(8/2/2012) In the boom times of the real estate market just a few short years ago, reverse mortgages tapping the equity of a home were a popular loan option for older borrowers. But since the peak of 115,000 reverse mortgage originations before the financial crisis, the market has shrunk considerably.
As the market slowly inches towards recovery, consumer agencies and lenders are noting more inquires about reverse mortgages. But besides denoting market growth, renewed interest in the reverse mortgage market casts a revealing light on some disturbing trends among seniors.
What are reverse mortgages? These products represent a very specialized area of the housing market, one designed for a specific population. For many homeowners, the most valuable asset they own is their home. But that asset does not provide regular income. For seniors 62 and older who are facing less income at retirement, and longer lives that may involve increased healthcare costs, borrowing against their most valuable asset can provide liquid cash to supplement income and cover costs.
In many ways, reverse mortgages are similar to home-equity lines of credit. But with these mortgages, no payments are due until the borrower’s death or the sale of the house.
Reverse mortgages can sound like a great solution to a cash-poor situation. But there are some things that can cause the picture to darken. Property taxes are still due, and homeowners insurance is still required over the life of the loan. And while there are no monthly payments on the loan, the interest continues to accrue, adding to the loan balance each month. That means the loan balance can easily grow to exceed the value of the home. Finally, upfront fees, interest and closing costs can be much higher than normal loans and other home equity loans.
In the painful years since the housing market collapse where home values dropped sharply, reverse mortgages became a luxury that many could not longer consider. The number of reverse mortgage borrowers and lenders plunged.
But as the market slowly recovers, reverse mortgages are suddenly growing in popularity. Lenders are beginning to sell these products again: Impac Mortgage Holdings, which nearly died from the subprime crisis, launched a new lending channel this year that again offers reverse mortgages, and big players like MetLife have pushed production higher.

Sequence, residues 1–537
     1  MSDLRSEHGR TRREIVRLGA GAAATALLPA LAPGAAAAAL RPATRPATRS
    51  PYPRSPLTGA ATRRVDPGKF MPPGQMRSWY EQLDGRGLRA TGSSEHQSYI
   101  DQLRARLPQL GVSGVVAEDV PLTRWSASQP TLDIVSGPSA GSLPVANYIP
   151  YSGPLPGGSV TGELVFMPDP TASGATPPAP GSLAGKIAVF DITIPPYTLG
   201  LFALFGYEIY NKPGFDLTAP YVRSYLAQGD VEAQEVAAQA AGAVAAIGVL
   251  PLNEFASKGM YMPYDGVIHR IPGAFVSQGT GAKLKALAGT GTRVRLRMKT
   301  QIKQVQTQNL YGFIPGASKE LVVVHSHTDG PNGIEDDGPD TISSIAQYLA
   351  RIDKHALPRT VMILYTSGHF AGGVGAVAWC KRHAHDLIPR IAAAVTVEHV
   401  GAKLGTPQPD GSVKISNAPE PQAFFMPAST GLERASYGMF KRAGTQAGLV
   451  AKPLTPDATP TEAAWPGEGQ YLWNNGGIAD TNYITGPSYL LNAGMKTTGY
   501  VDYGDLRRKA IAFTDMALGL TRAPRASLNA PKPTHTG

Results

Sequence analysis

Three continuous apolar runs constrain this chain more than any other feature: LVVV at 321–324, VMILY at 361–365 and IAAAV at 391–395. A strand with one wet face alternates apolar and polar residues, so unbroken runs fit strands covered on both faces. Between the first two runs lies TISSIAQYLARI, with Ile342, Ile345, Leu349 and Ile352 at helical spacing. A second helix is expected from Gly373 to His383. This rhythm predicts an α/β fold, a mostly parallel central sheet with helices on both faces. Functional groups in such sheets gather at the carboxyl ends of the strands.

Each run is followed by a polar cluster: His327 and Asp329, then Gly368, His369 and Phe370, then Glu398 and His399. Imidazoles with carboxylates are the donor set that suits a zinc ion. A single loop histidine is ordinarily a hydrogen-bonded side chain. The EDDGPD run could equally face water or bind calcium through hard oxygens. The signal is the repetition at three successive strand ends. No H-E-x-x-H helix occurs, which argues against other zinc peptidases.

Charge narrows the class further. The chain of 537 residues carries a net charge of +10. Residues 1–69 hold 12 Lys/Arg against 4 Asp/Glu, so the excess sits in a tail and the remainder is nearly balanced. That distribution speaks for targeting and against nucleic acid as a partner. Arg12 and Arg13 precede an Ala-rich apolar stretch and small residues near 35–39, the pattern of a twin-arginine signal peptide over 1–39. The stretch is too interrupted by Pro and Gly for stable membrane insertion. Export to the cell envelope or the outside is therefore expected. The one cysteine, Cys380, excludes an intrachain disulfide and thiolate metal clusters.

And when it comes to borrowers? There are some interesting, and potentially troublesome, trends as reverse mortgages gain in popularity, according to a report by the Consumer Financial Protection Bureau. The number of seniors taking out a reverse mortgage at the first opportunity of age 62 jumped to 9 percent in 2011, up from 2 percent during the 1990s. Plus, about 70% of customers in 2011 took the loan’s funds in a lump sum instead of regular payments. That number has skyrocketed since 2008, when 40% elected for lump sum payment.
Why is this happening? Today baby boomers are reaching retirement in droves, and are struggling to pay for it. Reduced social security and the economic woes of recent years makes retirement a costly proposition. It’s natural then that the popularity of reverse mortgages is growing, especially among those under 70.
But the increased tendency to take payments in a lump sum is causing problems for some seniors. Many use the funds to pay off other debt. That leaves little left for the property taxes and insurance that are still due, or the other costs that pop up during retirement.
The Bureau cited a series of concerns in their report due to these new trends, including a lack of education on reverse mortgage products by lenders, downright deceptive marketing practices, and lack of counseling to borrowers.
“Though many Americans are aware of reverse mortgages, they struggle greatly to understand this complicated product and the trade-offs involved,” said Richard Cordray, director of the consumer bureau in the report. “People often have misconceptions about how their needs may change as they age in their homes. Some are unaware that a reverse mortgage is a loan, let alone one with negative amortization, as the loan balance rises over time.”
The new trends in reverse mortgages present reasons for borrowers to be wary. At the same time, reverse mortgages have always been a risky gamble for borrowers and their family, and these dangers still apply. Seniors who fail to pay property taxes or insurance can default on the loan, which can ultimately end in foreclosure. Plus, when a borrower dies, dependents or others living in the house are responsible for paying the loan, which may have ballooned to much more than the value of the home due to interest. And if dependents, spouses, or others in the house are not listed on the loan, they may be forced to leave the house when the borrower dies.
The regrowth of the reverse mortgage market is potentially one sign of the housing market’s slow recovery. But it’s also a product to be careful with, especially with new trends and economic realities. In fact, many financial planners urge using reverse mortgages only as an emergency line of credit, or having the payments stretched out monthly to last longer. All in all, borrowers considering reverse mortgages should know all the rules and risks before making the choice.
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